If you are facing accusations of a federal crime, it can be extremely confusing and stressful. There are a few key differences to know if you are being charged on both a state and federal level or only a federal level. In this article, a federal criminal defense attorney in St. Petersburg with The Rickman Law Firm shares the key differences between federal and state charges and what the possible penalties for federal crimes are if convicted.
Related: Understanding the Differences Between Federal and State Crimes
Federal investigations are often done in secret until charges are brought forth, which means the government may have built a case against you before you are even aware. A person may find out that they are being investigated when they are met by a federal agent requesting that they answer questions or are blindsided by multiple agents executing a warrant. If you are confronted by a federal agent or investigator, it’s important that you talk to an experienced attorney before making any statements. Remember, even if it is a federal investigation, you have the right to remain silent and to wait to speak to your attorney before answering questions.
Related: What You Should and Shouldn’t Do When Under Federal Investigation
The penalties for federal crimes differ based on the charge. However, there are a few penalties that are common among federal crimes as a whole. State crimes may allow you to serve less time in prison or jail; however, in federal court, you will have to serve 85 percent of your sentence if convicted of federal charges. For example, if you are sentenced to 10 years, you will have to serve at least 8.5.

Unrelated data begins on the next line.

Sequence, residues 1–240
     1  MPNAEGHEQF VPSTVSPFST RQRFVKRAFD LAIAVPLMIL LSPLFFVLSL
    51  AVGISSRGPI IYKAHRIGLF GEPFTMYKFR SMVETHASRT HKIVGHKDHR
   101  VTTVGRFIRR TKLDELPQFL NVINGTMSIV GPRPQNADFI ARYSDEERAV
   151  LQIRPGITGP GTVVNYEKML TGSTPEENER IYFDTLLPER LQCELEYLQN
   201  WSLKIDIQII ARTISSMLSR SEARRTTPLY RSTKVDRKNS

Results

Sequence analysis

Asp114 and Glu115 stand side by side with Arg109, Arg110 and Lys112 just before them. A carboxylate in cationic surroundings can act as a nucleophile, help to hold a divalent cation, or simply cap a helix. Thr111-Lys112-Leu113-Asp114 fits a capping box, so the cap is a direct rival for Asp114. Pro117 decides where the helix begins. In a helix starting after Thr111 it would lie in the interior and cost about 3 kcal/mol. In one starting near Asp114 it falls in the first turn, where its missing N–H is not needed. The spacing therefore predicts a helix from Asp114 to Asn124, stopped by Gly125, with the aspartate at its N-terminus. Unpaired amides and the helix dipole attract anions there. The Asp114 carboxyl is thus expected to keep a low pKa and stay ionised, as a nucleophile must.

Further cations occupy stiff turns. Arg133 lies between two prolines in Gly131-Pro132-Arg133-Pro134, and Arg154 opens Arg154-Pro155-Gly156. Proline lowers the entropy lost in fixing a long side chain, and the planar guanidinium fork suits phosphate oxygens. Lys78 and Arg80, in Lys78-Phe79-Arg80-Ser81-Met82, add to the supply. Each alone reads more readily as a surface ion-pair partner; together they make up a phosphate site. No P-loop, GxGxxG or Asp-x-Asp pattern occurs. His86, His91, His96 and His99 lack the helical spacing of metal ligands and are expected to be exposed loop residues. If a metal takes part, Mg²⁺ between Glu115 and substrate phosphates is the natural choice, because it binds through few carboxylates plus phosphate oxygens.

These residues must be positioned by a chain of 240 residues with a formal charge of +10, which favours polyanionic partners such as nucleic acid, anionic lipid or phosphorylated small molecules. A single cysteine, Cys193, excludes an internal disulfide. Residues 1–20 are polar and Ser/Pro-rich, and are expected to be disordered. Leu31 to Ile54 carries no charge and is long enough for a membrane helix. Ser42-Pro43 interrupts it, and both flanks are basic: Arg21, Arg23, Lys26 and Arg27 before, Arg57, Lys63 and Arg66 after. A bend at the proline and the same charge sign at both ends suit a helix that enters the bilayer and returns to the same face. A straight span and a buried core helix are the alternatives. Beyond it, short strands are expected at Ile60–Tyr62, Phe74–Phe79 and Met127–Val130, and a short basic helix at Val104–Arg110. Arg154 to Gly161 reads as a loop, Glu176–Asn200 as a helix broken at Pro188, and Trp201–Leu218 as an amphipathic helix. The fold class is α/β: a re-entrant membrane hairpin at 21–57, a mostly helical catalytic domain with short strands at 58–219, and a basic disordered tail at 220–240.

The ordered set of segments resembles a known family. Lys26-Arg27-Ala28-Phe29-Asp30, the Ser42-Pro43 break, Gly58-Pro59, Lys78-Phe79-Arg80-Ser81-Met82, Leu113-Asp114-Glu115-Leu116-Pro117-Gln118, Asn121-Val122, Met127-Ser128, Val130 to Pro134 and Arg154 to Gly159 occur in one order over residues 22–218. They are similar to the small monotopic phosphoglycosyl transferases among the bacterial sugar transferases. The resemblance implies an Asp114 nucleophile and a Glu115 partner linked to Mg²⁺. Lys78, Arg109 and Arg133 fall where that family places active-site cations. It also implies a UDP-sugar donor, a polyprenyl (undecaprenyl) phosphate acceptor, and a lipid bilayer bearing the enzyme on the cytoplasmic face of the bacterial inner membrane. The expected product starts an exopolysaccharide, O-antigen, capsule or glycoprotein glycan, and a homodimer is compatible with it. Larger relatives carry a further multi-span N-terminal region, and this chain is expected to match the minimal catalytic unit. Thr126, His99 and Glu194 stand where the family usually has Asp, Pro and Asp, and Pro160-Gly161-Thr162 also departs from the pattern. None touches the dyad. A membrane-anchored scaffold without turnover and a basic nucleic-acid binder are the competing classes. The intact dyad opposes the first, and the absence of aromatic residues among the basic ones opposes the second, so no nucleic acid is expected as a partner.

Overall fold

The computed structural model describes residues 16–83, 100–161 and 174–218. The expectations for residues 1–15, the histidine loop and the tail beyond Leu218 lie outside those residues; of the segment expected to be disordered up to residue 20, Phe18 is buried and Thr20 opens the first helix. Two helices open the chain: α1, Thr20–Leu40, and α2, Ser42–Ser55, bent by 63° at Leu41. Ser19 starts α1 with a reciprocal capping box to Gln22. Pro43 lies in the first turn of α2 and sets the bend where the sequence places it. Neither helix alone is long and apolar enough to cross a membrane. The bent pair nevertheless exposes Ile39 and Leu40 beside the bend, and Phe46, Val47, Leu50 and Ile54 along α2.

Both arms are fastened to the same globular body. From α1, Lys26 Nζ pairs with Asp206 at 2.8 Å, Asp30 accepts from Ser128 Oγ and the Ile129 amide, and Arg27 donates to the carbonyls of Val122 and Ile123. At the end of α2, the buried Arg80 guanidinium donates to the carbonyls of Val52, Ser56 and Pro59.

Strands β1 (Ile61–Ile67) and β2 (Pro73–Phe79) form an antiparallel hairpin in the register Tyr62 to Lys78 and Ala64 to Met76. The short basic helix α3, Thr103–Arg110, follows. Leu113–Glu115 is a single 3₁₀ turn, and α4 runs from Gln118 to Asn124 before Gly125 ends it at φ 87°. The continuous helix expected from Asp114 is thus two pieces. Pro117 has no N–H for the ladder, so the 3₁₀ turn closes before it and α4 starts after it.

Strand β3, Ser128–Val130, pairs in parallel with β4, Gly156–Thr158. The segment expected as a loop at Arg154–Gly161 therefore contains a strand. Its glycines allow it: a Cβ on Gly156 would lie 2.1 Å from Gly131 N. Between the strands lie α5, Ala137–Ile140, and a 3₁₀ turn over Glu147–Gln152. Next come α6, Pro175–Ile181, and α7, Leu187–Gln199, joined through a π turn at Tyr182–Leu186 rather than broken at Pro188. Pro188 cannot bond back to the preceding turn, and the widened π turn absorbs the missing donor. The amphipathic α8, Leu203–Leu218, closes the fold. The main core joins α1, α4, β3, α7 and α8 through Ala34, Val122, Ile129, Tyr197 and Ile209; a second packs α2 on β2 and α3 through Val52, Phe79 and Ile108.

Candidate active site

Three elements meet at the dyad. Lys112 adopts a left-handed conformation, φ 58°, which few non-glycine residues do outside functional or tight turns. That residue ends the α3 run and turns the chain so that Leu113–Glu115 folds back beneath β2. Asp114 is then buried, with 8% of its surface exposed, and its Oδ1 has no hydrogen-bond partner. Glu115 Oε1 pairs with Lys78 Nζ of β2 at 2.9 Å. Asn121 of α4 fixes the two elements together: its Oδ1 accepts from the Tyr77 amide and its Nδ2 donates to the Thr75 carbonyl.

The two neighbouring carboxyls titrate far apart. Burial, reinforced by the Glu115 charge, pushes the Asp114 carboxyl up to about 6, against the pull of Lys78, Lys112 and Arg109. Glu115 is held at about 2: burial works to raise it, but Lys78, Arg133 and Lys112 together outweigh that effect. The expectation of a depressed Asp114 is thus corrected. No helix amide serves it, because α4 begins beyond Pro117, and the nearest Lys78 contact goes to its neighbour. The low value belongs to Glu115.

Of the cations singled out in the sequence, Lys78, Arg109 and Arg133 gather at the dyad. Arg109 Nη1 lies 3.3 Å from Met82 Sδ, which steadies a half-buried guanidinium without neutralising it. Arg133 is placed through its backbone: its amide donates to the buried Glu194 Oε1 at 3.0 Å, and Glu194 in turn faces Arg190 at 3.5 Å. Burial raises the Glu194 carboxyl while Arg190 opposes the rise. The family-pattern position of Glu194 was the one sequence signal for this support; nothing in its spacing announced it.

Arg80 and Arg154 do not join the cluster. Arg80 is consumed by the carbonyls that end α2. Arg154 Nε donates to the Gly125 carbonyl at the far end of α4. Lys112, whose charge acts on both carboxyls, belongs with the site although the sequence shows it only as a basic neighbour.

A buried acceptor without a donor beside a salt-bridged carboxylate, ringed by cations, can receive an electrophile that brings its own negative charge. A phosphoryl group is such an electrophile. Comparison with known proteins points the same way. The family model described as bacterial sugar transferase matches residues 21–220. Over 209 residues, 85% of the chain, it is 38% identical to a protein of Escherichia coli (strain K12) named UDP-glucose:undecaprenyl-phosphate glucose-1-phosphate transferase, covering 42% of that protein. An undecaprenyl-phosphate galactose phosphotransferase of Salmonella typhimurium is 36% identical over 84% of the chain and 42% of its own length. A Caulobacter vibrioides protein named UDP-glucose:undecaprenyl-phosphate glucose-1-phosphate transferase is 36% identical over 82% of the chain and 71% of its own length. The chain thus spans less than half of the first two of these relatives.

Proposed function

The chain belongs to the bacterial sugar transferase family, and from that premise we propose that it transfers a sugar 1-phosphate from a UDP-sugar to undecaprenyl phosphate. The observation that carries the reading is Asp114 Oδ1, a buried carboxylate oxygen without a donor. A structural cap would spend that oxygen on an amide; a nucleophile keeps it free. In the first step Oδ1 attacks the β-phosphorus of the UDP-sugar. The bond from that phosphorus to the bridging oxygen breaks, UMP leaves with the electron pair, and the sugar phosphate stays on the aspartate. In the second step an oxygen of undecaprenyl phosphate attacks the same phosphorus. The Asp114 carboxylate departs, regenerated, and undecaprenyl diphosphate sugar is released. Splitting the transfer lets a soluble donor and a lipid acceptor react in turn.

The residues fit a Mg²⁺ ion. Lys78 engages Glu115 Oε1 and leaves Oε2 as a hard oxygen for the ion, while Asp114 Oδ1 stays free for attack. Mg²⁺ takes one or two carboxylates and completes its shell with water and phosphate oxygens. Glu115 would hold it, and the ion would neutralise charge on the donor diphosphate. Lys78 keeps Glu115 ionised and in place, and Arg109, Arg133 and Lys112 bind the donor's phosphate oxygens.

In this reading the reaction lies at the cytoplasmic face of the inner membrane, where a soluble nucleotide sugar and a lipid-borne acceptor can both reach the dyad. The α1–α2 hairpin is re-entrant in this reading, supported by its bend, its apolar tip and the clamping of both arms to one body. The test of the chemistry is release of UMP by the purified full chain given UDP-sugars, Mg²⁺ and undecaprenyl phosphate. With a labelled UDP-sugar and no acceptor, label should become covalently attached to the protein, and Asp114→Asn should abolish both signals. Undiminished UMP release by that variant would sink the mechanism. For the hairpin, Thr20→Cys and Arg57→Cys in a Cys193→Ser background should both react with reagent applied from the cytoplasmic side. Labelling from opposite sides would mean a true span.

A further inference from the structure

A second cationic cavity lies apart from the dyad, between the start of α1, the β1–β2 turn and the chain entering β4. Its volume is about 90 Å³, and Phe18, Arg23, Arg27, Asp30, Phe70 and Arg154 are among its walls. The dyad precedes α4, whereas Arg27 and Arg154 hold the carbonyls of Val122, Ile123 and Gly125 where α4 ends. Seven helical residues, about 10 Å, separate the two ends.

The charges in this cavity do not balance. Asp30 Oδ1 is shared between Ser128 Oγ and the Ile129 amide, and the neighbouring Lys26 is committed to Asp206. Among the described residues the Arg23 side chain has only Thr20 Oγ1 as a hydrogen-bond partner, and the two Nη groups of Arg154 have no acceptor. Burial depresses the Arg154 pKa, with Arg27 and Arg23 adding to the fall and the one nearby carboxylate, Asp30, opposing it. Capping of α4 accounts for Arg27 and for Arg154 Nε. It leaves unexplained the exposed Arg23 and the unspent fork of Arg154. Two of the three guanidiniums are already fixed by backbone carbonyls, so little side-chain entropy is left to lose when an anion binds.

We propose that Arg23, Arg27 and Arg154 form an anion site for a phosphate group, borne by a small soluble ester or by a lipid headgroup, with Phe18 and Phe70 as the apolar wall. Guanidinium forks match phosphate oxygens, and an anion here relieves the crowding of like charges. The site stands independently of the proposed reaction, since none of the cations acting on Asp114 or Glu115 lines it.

If you are convicted of a federal crime, you may also have to serve your sentence in a federal prison rather than a state-run facility and face monetary fines and restitution, depending on the type of crime.
Crimes charged at the state level involve local statutes. However, federal crimes may be more serious in nature. In some instances, federal charges are tacked onto state charges due to the use of federal property to commit the crime, like cases of mail fraud. Further, some felonies may result in both state and federal charges, such as drug trafficking.
If you are facing a federal charge, indictment by a grand jury, or investigation, contact a federal criminal defense attorney in St. Petersburg with The Rickman Law Firm to discuss the best defense for your specific case. It’s crucial that you speak with an attorney before speaking with any investigators in order to protect yourself from unfair charges. A free consultation with Anthony Rickman is just a phone call away.
For a free consultation with the best federal criminal defense lawyer in St. Petersburg, please contact The Rickman Law Firm today.
Disclaimer: The information contained in this article is for general educational information only. This information does not constitute legal advice, is not intended to constitute legal advice, nor should it be relied upon as legal advice for your specific factual pattern or situation.